There is a nice series of complications brought on by the planet though. You’ll have to contend with alien plague spores infesting your colonists, giant worms and shard storms damaging your buildings or alien fungus infecting your buildings. Each of these have a counter to them, mostly involving setting up turrets and hoping they shoot them down, but these act as natural disasters would in a game like Tropico. You can even have workers who refuse to do their jobs due to unhappiness requiring you to use social directives to force them to work, only serving to upset your people even more.

Another issue with Aven Colony is it’s one of those games where every level you’re starting from scratch. I realize that this is to let you build your colony in your own way but it tends to make it feel like you’re not actually having much impact on the expedition. There’s only one mission where you take over a partially built colony and I found rescuing this screwed up mess to be one of the more enjoyable missions.

That said, this simplicity does work out in the games favor. There’s almost nothing stopping someone who isn’t great at strategy games from picking this up and having a good time with it. Within about two hours of starting the game you should know everything you need to know to start messing around in sandbox, upping the difficulty on the campaign missions and everything in between. Some might not appreciate this and find the game lacking in complexity but there is something to be said for a game you can sit back and relax with.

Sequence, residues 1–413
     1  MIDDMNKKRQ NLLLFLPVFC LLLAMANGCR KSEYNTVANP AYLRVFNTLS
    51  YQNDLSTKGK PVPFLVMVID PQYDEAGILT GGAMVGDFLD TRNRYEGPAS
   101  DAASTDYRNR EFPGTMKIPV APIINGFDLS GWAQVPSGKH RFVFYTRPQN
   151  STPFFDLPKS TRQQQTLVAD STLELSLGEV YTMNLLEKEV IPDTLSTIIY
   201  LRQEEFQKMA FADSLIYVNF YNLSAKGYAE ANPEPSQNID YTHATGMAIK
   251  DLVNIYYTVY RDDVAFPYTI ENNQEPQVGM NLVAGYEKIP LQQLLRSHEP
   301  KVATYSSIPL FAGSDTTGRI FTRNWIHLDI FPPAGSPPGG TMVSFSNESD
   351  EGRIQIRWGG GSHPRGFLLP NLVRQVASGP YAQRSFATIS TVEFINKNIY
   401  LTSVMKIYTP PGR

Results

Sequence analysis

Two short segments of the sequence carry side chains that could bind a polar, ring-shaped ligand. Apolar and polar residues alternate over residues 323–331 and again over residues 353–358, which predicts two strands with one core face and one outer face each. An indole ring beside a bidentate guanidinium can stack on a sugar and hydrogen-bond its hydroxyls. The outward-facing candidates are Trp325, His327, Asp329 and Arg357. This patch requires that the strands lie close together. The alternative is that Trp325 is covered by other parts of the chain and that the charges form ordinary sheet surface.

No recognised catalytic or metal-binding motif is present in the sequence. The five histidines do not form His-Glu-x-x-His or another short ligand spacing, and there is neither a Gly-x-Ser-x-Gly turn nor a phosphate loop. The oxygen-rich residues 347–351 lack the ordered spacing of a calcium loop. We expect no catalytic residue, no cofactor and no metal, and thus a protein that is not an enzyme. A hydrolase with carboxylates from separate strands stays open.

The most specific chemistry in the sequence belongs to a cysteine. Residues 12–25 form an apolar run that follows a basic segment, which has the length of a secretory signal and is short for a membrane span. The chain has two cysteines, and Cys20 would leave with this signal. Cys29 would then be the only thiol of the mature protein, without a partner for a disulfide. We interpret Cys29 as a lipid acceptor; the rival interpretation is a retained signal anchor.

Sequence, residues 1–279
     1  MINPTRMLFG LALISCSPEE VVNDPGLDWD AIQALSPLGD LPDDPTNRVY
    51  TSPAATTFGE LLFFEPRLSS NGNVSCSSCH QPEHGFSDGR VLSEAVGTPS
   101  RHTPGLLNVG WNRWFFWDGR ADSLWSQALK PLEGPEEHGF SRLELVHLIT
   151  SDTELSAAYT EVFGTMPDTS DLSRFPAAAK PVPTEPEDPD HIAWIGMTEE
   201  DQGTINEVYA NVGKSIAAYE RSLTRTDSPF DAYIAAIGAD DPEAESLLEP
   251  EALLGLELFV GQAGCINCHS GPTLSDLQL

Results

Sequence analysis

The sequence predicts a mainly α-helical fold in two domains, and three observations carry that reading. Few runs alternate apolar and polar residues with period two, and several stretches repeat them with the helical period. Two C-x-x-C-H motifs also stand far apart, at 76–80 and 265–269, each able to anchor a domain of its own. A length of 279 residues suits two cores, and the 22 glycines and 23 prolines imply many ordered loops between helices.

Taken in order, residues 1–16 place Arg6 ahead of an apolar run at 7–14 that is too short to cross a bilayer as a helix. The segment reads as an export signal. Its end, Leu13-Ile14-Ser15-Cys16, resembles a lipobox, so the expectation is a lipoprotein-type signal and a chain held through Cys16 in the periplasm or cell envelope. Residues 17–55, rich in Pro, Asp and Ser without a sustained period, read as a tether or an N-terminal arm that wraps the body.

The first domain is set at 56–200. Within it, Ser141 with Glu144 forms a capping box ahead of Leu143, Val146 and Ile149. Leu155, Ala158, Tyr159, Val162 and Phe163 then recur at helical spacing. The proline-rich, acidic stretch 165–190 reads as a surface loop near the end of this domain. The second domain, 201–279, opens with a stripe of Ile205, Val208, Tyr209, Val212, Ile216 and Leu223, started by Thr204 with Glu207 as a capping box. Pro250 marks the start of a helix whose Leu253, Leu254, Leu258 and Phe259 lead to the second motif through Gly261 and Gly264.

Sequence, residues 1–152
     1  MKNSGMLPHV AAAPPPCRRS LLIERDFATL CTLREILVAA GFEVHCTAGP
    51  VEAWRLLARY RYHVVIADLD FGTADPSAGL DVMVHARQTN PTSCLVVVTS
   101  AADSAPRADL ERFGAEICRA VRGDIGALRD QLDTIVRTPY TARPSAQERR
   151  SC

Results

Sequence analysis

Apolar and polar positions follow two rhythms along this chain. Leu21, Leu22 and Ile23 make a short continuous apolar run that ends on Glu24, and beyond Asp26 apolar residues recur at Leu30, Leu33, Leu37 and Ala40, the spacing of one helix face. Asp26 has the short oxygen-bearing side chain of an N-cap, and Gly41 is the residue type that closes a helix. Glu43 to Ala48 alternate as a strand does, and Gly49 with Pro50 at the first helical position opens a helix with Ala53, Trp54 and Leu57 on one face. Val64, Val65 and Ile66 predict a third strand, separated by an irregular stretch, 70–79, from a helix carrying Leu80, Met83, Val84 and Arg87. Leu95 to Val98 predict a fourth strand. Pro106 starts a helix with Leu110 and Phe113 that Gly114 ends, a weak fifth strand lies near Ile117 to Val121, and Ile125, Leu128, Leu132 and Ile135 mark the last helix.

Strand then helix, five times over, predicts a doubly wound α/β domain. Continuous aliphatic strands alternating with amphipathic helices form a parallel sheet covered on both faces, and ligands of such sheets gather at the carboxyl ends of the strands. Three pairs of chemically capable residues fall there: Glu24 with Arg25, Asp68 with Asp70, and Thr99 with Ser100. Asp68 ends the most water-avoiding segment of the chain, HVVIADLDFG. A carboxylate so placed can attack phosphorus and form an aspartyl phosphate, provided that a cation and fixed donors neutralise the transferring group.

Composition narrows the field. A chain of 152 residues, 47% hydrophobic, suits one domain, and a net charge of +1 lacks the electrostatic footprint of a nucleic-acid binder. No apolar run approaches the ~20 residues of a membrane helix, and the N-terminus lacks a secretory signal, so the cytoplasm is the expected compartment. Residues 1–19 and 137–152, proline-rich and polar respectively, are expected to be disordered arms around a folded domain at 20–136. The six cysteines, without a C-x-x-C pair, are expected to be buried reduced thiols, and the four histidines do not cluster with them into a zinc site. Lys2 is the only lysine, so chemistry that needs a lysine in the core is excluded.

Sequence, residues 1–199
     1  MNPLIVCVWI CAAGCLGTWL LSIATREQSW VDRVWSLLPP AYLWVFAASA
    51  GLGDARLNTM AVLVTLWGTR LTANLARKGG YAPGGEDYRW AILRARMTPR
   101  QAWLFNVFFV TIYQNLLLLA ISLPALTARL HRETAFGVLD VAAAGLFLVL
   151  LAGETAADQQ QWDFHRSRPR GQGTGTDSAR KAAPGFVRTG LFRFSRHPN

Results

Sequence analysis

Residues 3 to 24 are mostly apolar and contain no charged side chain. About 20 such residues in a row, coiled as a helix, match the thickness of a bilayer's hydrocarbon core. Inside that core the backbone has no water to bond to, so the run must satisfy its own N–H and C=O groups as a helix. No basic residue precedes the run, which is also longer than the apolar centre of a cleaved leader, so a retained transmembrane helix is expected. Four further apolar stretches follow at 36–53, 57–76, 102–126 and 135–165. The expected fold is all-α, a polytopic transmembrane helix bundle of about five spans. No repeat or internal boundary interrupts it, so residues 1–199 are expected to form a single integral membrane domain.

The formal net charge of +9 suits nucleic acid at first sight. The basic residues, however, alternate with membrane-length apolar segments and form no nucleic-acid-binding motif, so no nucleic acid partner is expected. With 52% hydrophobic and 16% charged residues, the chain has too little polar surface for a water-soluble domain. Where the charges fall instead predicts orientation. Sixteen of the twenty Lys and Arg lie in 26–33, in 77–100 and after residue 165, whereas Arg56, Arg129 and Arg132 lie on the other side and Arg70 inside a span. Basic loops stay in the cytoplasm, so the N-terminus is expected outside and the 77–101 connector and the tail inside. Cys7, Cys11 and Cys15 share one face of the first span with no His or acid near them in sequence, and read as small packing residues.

Perhaps the biggest problem here is really the visuals. While the alien planet is beautifully realized the colony itself is just intensely boring to look at. Most buildings can be told apart with time but some are incredibly samey. For the longest time I couldn’t tell a storage depot from the chemical refinery or mill. The palette for the buildings should have really been expanded on. Some of the most important buildings, like residential or entertainment structures, are easy enough to tell apart. I just wish that had been extended to the rest of the game.

One place where Aven Colony did not disappoint is the sound department. I didn’t expect much when I found out that the campaign was voiced but each of the five voice actors does a very good job with their character. More importantly though is that the music for the game is so intensely relaxing that it just helps ease you into the experience.

If I really had to boil Aven Colony down into one word, that word would be relaxing. It’s not the most aggressively deep strategy game on the market nor the most difficult. This is a game that is content to let you sit back, enjoy the music and build an awesome colony on an alien planet. Sometimes that’s really all you want for your money. If you’re coming into this expecting a very deep, challenging experience you will very likely leave disappointed.